“May God Bless!!,” wrote Wayne A.I. Frederick, president of the university.
Harris has been outspoken about Howard and the ways the school has shaped her life and career. She arrived on the Washington campus in the 1980s, eager to build a community of students like herself.
Now, Howard is honoring Harris. Frederick called her selection as Democrat Joe Biden’s vice-presidential candidate in August “a milestone opportunity for our democracy.” Her sorority sisters in Alpha Kappa Alpha Sorority Inc., founded at Howard in 1908, have campaigned for Harris in salmon pink and apple green T-shirts.
The university on Tuesday said prayers and shared stories as students, graduates and campus leaders paid homage to the first Black woman and first Asian American — and the first HBCU alum — to be tapped for a major-party presidential ticket.
“This is not a surprise at all,” said Monique Poydras, a Howard alum who was initiated into AKA the same year as Harris. “Kamala always seemed to be that person who was an excellent listener, but at the same time, an excellent implementer of, ‘This is what we need to do. Here’s the course of action.’ And so that started early, while she was in college.”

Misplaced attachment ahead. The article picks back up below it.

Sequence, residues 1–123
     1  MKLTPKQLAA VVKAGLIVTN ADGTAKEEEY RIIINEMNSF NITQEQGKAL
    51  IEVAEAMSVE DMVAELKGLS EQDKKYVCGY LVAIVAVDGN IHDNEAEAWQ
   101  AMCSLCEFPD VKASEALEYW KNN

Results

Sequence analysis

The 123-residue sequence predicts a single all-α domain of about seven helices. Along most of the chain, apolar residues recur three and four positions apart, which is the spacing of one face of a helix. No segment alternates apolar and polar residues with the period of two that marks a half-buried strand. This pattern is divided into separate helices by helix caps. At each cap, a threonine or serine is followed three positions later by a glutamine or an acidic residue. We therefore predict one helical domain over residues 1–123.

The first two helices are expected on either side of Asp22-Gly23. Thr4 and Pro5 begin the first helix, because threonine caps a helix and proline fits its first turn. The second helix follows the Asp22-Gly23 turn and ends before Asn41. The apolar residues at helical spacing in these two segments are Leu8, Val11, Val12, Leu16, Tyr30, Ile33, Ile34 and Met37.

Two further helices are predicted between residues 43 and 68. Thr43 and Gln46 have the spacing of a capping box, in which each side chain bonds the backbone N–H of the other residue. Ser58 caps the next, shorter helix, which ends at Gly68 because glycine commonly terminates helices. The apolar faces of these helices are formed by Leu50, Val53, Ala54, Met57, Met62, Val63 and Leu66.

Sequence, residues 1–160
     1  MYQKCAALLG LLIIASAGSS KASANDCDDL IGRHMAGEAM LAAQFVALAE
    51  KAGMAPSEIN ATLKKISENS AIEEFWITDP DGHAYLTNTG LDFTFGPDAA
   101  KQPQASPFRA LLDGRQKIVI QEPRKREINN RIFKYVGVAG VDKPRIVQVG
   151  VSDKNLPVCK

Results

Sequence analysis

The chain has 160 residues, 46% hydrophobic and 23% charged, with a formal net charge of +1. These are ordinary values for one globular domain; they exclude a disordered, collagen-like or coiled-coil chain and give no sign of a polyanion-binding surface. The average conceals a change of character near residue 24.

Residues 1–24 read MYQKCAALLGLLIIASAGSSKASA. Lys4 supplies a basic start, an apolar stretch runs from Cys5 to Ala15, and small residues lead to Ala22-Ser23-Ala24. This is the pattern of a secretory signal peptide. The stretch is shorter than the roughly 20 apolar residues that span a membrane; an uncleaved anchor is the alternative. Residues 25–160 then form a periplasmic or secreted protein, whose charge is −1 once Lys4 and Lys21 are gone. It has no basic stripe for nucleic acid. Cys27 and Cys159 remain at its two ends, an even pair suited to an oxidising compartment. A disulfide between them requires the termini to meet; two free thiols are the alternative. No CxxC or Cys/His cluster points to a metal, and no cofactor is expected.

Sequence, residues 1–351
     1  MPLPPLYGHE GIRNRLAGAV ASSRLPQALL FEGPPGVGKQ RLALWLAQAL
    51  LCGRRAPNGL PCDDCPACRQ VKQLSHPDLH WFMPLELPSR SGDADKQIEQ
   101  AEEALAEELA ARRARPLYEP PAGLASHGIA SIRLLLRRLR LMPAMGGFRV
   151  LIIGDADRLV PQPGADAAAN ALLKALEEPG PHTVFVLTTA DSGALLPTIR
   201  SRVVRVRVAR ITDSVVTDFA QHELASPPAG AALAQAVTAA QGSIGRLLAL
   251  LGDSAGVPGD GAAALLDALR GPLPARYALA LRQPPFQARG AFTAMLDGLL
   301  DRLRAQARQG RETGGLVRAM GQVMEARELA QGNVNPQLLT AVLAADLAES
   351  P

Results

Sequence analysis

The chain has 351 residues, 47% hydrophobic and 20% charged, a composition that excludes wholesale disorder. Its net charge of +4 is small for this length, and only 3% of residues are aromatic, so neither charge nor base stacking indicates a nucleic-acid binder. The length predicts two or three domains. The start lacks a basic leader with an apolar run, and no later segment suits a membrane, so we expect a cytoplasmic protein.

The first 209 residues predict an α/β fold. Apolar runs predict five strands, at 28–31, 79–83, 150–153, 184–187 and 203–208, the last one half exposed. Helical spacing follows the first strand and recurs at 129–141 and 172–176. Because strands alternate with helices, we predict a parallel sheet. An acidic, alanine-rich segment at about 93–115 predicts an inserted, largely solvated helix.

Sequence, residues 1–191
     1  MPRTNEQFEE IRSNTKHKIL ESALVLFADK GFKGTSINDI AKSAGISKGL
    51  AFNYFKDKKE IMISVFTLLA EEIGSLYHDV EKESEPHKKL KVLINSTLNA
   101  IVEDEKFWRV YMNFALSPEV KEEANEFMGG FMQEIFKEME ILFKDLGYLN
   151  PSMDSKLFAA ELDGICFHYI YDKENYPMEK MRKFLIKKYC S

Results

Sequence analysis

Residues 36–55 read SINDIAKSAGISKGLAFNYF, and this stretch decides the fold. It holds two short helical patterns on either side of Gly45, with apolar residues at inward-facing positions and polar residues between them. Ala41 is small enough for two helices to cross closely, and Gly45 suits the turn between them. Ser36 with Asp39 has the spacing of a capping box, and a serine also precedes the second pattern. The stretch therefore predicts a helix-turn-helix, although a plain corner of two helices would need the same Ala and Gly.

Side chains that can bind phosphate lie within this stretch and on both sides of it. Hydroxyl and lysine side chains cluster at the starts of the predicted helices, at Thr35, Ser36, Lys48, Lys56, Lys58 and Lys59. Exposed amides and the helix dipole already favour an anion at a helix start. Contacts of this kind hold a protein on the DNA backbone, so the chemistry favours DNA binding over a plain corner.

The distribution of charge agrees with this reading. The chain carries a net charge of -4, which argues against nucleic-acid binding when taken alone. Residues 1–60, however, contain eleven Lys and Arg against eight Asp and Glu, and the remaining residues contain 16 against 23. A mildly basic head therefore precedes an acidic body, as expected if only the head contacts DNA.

Harris’s influence can be felt throughout the entire community, Frederick said.
“This election, in particular, is important for the Howard community, for the Black community and for the country in its entirety,” Frederick said. “Whether [Harris] wins or loses is immaterial when considering the impact of what she has already accomplished and the hope she’s already inspired.”